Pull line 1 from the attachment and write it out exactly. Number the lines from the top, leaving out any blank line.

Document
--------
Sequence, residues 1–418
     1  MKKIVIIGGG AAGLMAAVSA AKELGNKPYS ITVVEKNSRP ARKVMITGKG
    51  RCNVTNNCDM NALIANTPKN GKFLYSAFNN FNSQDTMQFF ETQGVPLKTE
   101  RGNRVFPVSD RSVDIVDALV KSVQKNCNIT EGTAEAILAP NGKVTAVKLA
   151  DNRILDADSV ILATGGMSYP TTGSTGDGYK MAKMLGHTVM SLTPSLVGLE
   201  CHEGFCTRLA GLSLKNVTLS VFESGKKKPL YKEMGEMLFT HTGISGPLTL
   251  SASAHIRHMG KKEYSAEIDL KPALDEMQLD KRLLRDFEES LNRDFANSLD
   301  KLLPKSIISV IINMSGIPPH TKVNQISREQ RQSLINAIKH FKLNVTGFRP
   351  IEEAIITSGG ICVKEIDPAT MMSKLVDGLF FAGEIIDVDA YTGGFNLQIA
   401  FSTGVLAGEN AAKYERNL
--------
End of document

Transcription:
Sequence, residues 1–418